Not surprisingly, information and data security is one of the hotter topics in Davos among the attendees at the World Economic Forum. Logically, if there are regulators for the Internet, telecommunications and accounting, why don't we have a standards in place for information and data security?It's Day 2 proper at the World Economic Forum, and a sea of lively debates is raging throughout the summit. Often, the informal conversations you have over coffee are far more valuable than the public forums, and one of the more interesting themes that came up amongst those I spoke to today was security. I've attended several meetings since my arrival and been involved in a number of discussions with banking institutions and business executives about the threats they're currently facing.
Phishing, phreaking and pharming are now everyday terms. They are the kind of attacks that are having a massive impact on customer confidence, driving the demand for some kind of security governing body. There is a definite feeling amongst delegates that trust is slowly dissolving amongst customers who are getting increasingly disillusioned about the safety of their information with their bank.
I had several fascinating statistics thrown at me in conversation. Whilst three years ago 90 percent of hacker attacks were benign with little dollar impact, 90 percent of hacking nowadays is malicious, designed to disrupt data or steal information. One of the newest concepts I heard about earlier was "data kidnapping" - where hackers break into business systems and block a company from using its data, effectively holding it to ransom. It's also sometimes known as ransomware when it encrypts a user's hard drive and demands payment to unlock it.
This provoked fierce debate about accountability amongst many of my fellow delegates. If an online banking customer has his account details stolen and loses money, who is responsible? The bank or the customer? Is it the user for not keeping his identity secure, or is it the bank whose security may have been compromised? Doubtless, this is set to be the biggest driver behind the calls for regulation and standards with banks crying out for guidance from a governing body.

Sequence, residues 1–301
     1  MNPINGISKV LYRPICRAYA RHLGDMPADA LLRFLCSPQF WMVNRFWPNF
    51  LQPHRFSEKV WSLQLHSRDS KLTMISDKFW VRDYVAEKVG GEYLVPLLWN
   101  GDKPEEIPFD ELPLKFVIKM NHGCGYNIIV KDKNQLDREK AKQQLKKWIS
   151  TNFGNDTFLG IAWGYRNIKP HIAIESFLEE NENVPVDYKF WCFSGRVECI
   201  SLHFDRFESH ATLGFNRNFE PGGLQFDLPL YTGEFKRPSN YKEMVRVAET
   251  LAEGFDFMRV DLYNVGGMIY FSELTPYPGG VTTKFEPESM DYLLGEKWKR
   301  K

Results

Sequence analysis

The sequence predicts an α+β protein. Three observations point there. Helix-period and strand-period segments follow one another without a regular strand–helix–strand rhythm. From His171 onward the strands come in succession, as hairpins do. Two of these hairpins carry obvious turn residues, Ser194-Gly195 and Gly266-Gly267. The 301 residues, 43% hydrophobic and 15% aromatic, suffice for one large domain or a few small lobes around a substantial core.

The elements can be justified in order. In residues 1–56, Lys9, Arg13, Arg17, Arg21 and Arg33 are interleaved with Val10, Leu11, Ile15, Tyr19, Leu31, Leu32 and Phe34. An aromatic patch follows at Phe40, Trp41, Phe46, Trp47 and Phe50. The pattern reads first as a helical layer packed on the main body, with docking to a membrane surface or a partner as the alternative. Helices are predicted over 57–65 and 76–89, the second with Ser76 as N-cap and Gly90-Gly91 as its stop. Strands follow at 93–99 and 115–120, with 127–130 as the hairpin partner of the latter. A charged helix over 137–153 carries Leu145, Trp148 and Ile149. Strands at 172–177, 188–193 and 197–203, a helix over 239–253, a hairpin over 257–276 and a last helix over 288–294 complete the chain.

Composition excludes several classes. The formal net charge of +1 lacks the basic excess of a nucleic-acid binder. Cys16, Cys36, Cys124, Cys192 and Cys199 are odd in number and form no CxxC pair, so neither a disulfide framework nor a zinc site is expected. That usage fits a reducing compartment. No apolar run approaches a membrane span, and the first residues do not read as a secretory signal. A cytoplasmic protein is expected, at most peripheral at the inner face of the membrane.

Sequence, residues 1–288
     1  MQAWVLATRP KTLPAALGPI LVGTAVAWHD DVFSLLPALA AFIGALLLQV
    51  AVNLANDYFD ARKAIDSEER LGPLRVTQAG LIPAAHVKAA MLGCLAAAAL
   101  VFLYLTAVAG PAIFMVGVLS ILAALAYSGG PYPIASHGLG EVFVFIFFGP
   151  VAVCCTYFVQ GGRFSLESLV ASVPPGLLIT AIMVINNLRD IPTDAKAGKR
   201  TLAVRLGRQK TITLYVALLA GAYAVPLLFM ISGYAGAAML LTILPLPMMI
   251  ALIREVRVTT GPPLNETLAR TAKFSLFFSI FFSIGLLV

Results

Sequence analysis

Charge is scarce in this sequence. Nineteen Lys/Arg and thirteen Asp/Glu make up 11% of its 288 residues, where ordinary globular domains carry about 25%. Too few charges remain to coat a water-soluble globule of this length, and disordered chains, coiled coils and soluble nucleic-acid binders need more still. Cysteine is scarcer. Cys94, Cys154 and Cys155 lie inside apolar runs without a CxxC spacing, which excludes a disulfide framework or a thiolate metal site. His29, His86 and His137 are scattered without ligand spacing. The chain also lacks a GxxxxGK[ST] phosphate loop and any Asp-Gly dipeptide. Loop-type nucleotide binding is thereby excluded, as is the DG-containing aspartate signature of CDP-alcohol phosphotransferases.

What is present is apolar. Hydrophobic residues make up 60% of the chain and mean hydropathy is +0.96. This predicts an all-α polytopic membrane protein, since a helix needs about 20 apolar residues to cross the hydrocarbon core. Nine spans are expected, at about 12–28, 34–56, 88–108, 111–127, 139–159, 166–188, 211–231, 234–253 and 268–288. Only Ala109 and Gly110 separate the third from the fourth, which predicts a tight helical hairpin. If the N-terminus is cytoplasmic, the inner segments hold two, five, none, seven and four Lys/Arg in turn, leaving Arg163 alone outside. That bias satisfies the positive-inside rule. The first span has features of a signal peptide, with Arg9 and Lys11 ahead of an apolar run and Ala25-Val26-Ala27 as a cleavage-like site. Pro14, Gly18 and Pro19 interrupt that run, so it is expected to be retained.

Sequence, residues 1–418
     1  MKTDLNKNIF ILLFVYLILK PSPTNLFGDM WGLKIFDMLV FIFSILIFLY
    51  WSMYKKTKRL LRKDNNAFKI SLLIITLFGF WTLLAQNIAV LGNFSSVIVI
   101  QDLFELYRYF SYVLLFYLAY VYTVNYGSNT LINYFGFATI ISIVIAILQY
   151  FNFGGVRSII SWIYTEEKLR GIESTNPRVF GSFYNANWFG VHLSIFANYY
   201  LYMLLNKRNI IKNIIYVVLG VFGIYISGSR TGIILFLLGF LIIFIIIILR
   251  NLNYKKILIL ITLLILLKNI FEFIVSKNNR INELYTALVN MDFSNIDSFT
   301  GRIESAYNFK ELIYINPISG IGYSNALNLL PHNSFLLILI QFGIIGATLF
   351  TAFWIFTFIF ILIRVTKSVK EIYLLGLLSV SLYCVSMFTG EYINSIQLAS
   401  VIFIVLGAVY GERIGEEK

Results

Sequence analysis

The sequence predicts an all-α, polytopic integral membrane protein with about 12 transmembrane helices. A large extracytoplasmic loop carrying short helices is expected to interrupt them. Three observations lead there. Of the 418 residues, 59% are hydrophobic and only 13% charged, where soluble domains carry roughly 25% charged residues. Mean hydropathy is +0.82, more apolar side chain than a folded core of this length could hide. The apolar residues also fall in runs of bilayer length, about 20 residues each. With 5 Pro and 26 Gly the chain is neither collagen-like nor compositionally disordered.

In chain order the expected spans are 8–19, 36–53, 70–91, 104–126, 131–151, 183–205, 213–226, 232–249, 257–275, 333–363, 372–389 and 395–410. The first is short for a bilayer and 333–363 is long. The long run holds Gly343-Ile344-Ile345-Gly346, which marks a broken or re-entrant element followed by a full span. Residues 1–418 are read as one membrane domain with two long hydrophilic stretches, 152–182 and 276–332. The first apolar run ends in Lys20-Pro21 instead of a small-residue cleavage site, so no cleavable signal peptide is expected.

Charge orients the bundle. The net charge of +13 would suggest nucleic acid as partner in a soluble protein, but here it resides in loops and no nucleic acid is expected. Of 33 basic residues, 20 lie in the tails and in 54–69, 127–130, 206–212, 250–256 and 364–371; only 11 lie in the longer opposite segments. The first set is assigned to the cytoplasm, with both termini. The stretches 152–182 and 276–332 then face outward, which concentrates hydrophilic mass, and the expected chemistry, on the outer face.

It makes sense: If we have regulators for the Internet, telecommunications and accounting, then shouldn't we have some standards in place for security? Institutions need someone to turn to so there is no doubt over with whom the responsibilities lie or what actions should be taken when a security breach happens.
Technology can be a great enabler in combating the security issues these businesses are facing, but it can't operate in isolation. The responsibility for security needs to be spread among multiple parties, and it's down to regulators, vendors, banks and customers to put their shoulders to the wheel and fight this battle against cybercrime.
I'm sure the security discussions will continue as this week goes on, but I've noticed that, as anticipated, media coverage around Davos has so far been very much dominated by the issue of climate change. I have an Infosys breakfast debate at 7 tomorrow morning where I'm sure green will return to the fore.
Ashok Vemuri, SVP and head of banking and capital markets for Infosys Technologies, is attending his first World Economic Forum. He will be blogging about his experiences and the role of technology in the financial markets throughout his stay in Davos. Not surpisingly, information and data security is one of the hotter topics in Davos among the attendees at the World Economic Forum. Logically, if there are regulators for the Internet, telecommunications and accounting, why don't we have a standards in place for information and data security? Greg MacSweeney is editorial director of InformationWeek Financial Services, whose brands include Wall Street & Technology, Bank Systems & Technology, Advanced Trading, and Insurance & Technology. View Full Bio